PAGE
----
The opinion of the court was delivered by: DUMBAULD
Plaintiff, a female teacher of English, brought this action against defendant school district, alleging violation of Title VII of the Civil Rights Act of 1964, 78 Stat. 253, 42 U.S.C. § 2000e Et seq., by reason of the fact that a male was selected to fill a vacancy at O'Hara junior high school and plaintiff was not.
42 U.S.C. § 2000e-2(a)(1) provides that it shall be an unlawful employment practice for an employer "to fail or refuse to hire . . . or otherwise to discriminate against any individual with respect to . . . employment, because of such individual's race, color, religion, sex,
or national origin."
Thus to prevail in this action plaintiff must establish discrimination because of sex rather than mere shortcomings with respect to accepted academic practice. For example, plaintiff complained that she had not been interviewed along with twenty-four other applicants by the three administrators who made the selection; but they saw no need to interview her when they knew her because of her work as substitute teacher in the school system and they had prior reports evaluating her performance. Different treatment in this respect would not constitute sex discrimination. See Alexander v. Northern Arizona Council of Governments, 447 F. Supp. 1364, 1365-66 (D.Ariz.1977). Similarly, the mere fact that plaintiff might in fact be better qualified than the successful applicant would not Per se constitute sex discrimination
(though it might be evidence of such discrimination if corroborated by convincing proof that the real reason for the selection of the successful applicant was his sex).
We begin our consideration of the case with the observation
that it is not the function of federal courts to serve as administrators of the educational system. Lovelace v. Leechburg Area School District, 310 F. Supp. 579, 580 (W.D.Pa.1970). As stated recently by Mr. Justice Stevens in Bishop v. Wood, 426 U.S. 341, 349-50, 96 S. Ct. 2074, 2080, 48 L. Ed. 2d 684 (1976), "The federal court is not the appropriate forum in which to review the multitude of personnel decisions that are made daily by public agencies. We must accept the harsh fact that numerous individual mistakes are inevitable in the day-to-day administration of our affairs."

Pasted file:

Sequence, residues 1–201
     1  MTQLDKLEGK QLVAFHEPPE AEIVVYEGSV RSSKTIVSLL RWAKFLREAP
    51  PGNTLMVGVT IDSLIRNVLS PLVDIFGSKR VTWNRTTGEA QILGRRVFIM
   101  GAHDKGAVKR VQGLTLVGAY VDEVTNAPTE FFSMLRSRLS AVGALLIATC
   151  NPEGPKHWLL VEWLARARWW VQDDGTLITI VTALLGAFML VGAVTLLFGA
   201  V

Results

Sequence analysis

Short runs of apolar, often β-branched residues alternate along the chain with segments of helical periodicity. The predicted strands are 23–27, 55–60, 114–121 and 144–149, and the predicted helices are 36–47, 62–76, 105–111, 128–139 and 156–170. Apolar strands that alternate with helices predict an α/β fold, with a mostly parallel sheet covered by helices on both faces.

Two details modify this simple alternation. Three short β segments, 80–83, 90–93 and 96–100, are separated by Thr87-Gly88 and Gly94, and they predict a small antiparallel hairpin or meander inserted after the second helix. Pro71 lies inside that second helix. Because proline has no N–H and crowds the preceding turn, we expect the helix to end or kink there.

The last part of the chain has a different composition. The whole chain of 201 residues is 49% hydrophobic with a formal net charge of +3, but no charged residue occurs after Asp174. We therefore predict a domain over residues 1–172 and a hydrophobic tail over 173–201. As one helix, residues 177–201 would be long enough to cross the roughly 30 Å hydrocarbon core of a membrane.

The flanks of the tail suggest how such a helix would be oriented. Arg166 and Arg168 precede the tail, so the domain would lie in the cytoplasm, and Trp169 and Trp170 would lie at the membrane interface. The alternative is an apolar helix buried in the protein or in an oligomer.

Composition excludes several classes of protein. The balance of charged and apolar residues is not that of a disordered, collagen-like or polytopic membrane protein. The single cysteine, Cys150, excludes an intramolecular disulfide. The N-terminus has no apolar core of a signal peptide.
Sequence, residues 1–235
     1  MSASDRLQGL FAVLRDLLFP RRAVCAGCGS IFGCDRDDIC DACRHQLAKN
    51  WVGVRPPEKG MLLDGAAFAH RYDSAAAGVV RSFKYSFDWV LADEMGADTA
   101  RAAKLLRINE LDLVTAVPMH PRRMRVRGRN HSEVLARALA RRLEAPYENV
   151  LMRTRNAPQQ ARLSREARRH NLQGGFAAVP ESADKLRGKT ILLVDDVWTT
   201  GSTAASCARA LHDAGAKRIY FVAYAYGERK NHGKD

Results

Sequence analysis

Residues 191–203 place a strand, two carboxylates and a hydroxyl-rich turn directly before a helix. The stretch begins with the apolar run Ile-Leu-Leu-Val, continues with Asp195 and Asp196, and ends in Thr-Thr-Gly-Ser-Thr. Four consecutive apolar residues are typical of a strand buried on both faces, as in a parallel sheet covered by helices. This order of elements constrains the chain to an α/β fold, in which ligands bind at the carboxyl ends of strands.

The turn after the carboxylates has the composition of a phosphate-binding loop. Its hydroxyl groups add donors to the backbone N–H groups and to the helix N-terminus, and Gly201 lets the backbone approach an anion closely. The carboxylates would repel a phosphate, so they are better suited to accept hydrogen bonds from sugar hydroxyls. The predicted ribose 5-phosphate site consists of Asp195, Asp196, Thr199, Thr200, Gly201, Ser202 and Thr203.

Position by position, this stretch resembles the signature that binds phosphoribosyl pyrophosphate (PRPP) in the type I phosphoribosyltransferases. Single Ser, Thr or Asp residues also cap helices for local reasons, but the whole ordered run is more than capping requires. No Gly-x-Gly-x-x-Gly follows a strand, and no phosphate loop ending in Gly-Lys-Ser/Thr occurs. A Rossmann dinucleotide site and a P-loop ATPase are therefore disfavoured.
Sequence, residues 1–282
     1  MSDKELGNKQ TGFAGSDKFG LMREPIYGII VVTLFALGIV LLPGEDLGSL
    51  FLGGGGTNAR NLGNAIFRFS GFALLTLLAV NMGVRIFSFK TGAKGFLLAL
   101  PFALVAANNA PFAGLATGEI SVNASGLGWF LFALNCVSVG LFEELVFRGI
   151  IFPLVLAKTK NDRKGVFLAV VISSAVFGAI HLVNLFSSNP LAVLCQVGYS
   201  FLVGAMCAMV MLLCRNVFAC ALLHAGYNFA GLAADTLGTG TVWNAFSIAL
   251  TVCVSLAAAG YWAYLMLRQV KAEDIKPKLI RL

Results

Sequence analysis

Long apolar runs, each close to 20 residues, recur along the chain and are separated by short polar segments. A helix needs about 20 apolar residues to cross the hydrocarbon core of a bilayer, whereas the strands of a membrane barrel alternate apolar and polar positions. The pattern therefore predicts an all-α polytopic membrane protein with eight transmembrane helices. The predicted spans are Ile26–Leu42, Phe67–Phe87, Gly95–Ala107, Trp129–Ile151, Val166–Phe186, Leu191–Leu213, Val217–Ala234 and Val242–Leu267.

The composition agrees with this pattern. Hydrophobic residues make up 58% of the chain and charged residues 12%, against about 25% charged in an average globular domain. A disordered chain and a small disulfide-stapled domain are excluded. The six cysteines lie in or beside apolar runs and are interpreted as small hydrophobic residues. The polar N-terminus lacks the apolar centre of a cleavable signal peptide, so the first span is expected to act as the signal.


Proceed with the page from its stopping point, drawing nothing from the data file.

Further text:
For if this Court were the appointing agency, plaintiff quite probably would have been chosen. As a graduate of Smith College, with over three years' experience in the Princeton, New Jersey high school, with a face out of Botticelli and the charm of Southern speech, how could she possibly lose out in competition with a graduate of West Liberty State College (apparently an obscure institution in West Virginia) who in Upper Marlboro, Maryland, had taught "Mass media, Revolutionary Lit., Myths, & Legends, Journalism" and who wrote in his application:
"Any New method of teaching such as:
(2) Differential Staffing . . .
(3) Flexible Scheduling . . .
have been around for more than a decade, and deserve wider application in humanizing the classroom" ? (DX-2).
Another pertinent preliminary comment is that no pattern of anti-feminism in the defendant school district appears A priori to exist, when it is noted that prior to the vacancy which plaintiff wished to fill the ratio of female to male teachers in O'Hara junior high school was 6-0. (DX-13A).
We proceed, therefore, to consideration of what the record shows to have occurred when Healey was selected to fill a vacancy in the O'Hara English department and plaintiff was not.
In the summer of 1973 a vacancy in O'Hara Junior High was created by the transfer of Mrs. Paula Fantaski to the Senior High School. A vacancy occurred in Dorseyville Junior High by reason of a teacher's leave of absence for a year, with little likelihood of his return at the end of his leave. To fill these two vacancies, Dr. Jack Roush, then Secondary Education advisor, in the ordinary ...